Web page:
You know the 100 coolest Americans must be a pretty hip bunch if Janis Joplin, Chet Baker, Dean Martin and George Clooney fail to make the cut.
Elvis Presley, James Dean, Bruce Springsteen and Madonna do make the choice of 100 actors, artists, musicians and writers whose creativity and style have shaped the concept of cool. There is even a welcome place for country singer Willie Nelson in the exhibition at the National Portrait Gallery in Washington.
The exhibition, which took five years to bring to fruition, has been put together by Joel Dinerstein, professor of American civilisation at Tulane University in New Orleans, and Frank Goodyear III, co-director of Bowdoin College Museum of Art.
To make their selection, the curators came up with four defining characteristics of cool, of which the people chosen had to exhibit at least three:
• Originality of artistic vision and especially of a signature style.
• Cultural rebellion, or transgression in a given historical moment.
• Iconicity, or a certain level of high-profile recognition.
• Recognised cultural legacy (lasting more than a decade).
Another deciding factor was that there had to be a good picture of the person and among the photographers featured in the show are Diane Arbus, Annie Leibovitz, Robert Mapplethorpe, Edward Steichen and Herman Leonard.
Dinerstein, who is also an adviser on HBO show Boardwalk Empire, is a jazz expert, and musicians are well represented in the list, starting from Bix Beiderbecke and Bessie Smith in "The Roots of Cool" section to legends such as Miles Davis.
Dinerstein said: "It was in the 40s and 50s that cool was truly born, with jazz legends like Miles Davis, Duke Ellington, Dizzy Gillespie, Billie Holiday, Thelonious Monk, Charlie Parker and Lester Young coming to the fore."
Dinerstein credits jazz saxophonist Young with coining the use of the term "cool".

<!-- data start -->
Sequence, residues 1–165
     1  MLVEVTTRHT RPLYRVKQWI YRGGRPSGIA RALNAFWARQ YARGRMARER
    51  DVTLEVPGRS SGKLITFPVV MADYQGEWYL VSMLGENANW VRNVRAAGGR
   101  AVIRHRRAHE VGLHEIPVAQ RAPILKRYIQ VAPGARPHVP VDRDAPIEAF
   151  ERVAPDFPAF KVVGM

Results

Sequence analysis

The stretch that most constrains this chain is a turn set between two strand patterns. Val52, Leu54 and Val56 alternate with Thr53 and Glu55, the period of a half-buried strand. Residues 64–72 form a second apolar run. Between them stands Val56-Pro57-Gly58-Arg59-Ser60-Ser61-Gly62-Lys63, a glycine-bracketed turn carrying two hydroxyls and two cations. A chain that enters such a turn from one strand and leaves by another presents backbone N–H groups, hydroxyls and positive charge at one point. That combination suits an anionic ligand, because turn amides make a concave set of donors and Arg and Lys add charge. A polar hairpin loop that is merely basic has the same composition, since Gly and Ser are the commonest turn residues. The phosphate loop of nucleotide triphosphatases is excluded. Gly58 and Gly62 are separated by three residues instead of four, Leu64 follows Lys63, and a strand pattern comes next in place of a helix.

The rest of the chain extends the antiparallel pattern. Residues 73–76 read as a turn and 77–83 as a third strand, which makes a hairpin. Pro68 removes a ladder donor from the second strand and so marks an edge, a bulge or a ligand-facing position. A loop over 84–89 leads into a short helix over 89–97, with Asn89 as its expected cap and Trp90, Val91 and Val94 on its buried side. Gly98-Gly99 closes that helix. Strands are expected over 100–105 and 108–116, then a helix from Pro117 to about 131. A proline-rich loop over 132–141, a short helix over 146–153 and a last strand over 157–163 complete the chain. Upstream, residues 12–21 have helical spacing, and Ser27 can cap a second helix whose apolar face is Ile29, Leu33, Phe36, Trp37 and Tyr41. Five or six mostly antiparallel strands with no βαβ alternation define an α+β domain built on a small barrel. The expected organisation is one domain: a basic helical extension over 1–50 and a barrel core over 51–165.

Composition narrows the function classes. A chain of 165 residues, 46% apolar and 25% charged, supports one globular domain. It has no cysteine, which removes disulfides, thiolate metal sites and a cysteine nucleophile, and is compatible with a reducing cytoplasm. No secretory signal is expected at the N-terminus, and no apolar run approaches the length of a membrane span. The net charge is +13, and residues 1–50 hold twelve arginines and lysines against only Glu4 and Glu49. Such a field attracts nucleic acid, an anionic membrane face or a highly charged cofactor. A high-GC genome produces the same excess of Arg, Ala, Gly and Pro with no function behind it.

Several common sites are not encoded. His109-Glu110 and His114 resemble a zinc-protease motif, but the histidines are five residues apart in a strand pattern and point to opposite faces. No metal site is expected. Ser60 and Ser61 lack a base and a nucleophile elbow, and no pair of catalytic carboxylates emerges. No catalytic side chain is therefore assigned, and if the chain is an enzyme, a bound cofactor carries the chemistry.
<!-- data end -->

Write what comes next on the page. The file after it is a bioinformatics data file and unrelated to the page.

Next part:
"Cool is America's greatest cultural export," said Australian Kim Sajet, who took over last year as director of the National Portrait Gallery, which is part of the Smithsonian network of museums.
The list opens with 19th-century poet Walt Whitman, author of Leaves of Grass, who is described as "the guiding light of American bohemia", and includes modern culturefigures such as Jay-Z and Quentin Tarantino.
Dinerstein said: "There are people on this list who I wish were not, but our culture has elevated them to cool. My example is Quentin Tarantino. I don't like his films and I don't like him. But there's no question of his national and global influence both on art and film and everyone under 40."
Just under a quarter of the 100 are women - including Madonna, Mae West and Bonnie Raitt - and the list includes, bizarrely, some non-Americans (such as Canadian-born Neil Young and Belgian-born Audrey Hepburn).
People will obviously disagree with the choices - Sidney Poitier, Slim Gaillard, Louis Armstrong, Groucho Marx could all have been in the 100 - and the curators have tried to mollify critics by doing an "Alt 100" list of also-rans that includes Sam Cooke, Joplin and Stan Getz.
The Roots of Cool
Zora Neale Hurston
Willie "The Lion" Smith
The Birth of Cool
William S Burroughs
Cool and the Counterculture
Hunter S Thompson
The Legacy of Cool
Benicio del Toro